Why the excitement about one (admittedly very good) performance from one player? For the reason, one must rewind the clock the little. Five years ago, Gourcuff was the hottest prospect in French football. If 2007/08 was the season of Karim Benzema, then 2008/09 was the season of Gourcuff. Playing for Bordeaux on loan from AC Milan, Gourcuff chipped in with 12 goals and 8 assists as Les Girondins cantered the league title (stopping a run of seven successive titles from Lyon!) and the player bagged many end-of-season awards. His immense technical ability, and the sheer brilliance of some of the goals he scored, made him the talk of French football, and he was immediately branded as 'the next Zinedine Zidane'. Bordeaux moved quickly to make the transfer from Milan permanent and, as they started the 2009/10 season by picking up where they left off in 2008/09 (though they couldn't keep it up), the sky seemed to be the limit for the then-23 year-old from Brittany.

Quickly, it became apparent that such expectations were premature and, indeed, too lofty. Whilst no-one could doubt Gourcuff's talent and technical ability, the reason the comparison with Zidane failed was in two key areas. The first was personality-based: "Zizou" may not have been the loudest player in the dressing rooms he shared, but he still managed to exude authority and to guide those around him on the pitch. Gourcuff is also an introvert, even shy, but in a way that means he struggles to exert the same authority and leadership to those around him. Admittedly he briefly struck on a magic formula at Bordeaux, where he was the driving force behind a successful team. However, at AC Milan and, to begin with at least, at Lyon, he sometimes quietly went AWOL into a period of introspection when things haven't gone right (either for him or for the team as a whole), alienating his team-mates and coaches in the process. Sometimes, this approach has even rubbed people up the wrong way; Gourcuff found himself caught in the crossfire in one of the many battles which took place during France's farcical and tempestuous 2010 World Cup campaign, where it was said that him and Franck Ribery did not get on. Whilst Gourcuff could add himself to a fairly big list of players who had fallen out with Ribery, he also managed to make himself the object of some strong criticism from the usually more equanimous duo of Paolo Maldini and Carlo Ancelotti, his club captain and manager from his days at AC Milan. "Gourcuff at Milan was 100% wrong...when he played here, he did not want to make himself available to the group. He [also] did not learn to speak Italian immediately," said Maldini, whilst Ancelotti labelled him "egocentric" and "a strange lad", adding "it's a pity that he could not express himself well here, but the problem was only psychological in nature." At Lyon, whom he signed for in August 2010, initial manager Claude Puel often struggled with the mercurial talent of Gourcuff, and seemed frustrated that he didn't seem to be pulling his weight when things weren't going well.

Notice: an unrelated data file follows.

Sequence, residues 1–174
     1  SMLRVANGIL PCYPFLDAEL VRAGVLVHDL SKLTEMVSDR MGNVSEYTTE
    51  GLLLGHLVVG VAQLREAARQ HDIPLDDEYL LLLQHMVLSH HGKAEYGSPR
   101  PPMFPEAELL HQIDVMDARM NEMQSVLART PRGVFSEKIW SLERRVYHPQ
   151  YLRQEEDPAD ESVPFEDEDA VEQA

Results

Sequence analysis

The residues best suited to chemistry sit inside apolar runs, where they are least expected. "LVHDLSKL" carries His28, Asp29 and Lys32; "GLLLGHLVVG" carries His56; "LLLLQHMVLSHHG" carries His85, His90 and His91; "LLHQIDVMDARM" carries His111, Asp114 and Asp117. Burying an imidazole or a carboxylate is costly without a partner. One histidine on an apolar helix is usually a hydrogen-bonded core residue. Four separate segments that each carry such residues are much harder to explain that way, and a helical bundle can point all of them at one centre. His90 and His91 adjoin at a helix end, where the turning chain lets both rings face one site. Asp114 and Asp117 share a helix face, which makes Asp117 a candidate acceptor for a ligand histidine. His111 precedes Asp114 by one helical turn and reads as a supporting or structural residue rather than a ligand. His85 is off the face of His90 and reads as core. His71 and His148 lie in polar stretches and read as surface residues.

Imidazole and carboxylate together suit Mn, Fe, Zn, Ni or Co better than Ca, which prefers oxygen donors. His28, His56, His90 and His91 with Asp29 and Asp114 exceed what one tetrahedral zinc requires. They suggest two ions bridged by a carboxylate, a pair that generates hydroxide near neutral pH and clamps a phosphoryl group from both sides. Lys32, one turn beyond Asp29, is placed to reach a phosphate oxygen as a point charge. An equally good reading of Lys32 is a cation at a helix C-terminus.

An up-and-down career at club level has translated into an on-off
career at international level for Gourcuff (C)AFP/Getty Images 
The second reason, which has taken hold in particular since Puel's departure from Lyon in 2011, has been injuries. Gourcuff is now in his fifth season at Lyon and, during that time, has only played in around half of the team's official (league and cup competition) matches (110 out of 221, according to Le Monde). The newspaper adds that, in that time, Gourcuff's Lyon career has often gone through the same cycles: "the first step: an injury which takes longer to recover from than originally forecast. Then, a return, from which hopes are reborn, from [remembering] the heights of his talent. Two good matches, and there is talk of a comeback. A few other supporting performances successfully completed and there is talk of a return to the French national team...upon which a new injury comes to spoil everything again." All this has meant that he has been unable to build any sort of momentum even as he seeks to get pack onto the path he was on during that brief golden period at Bordeaux.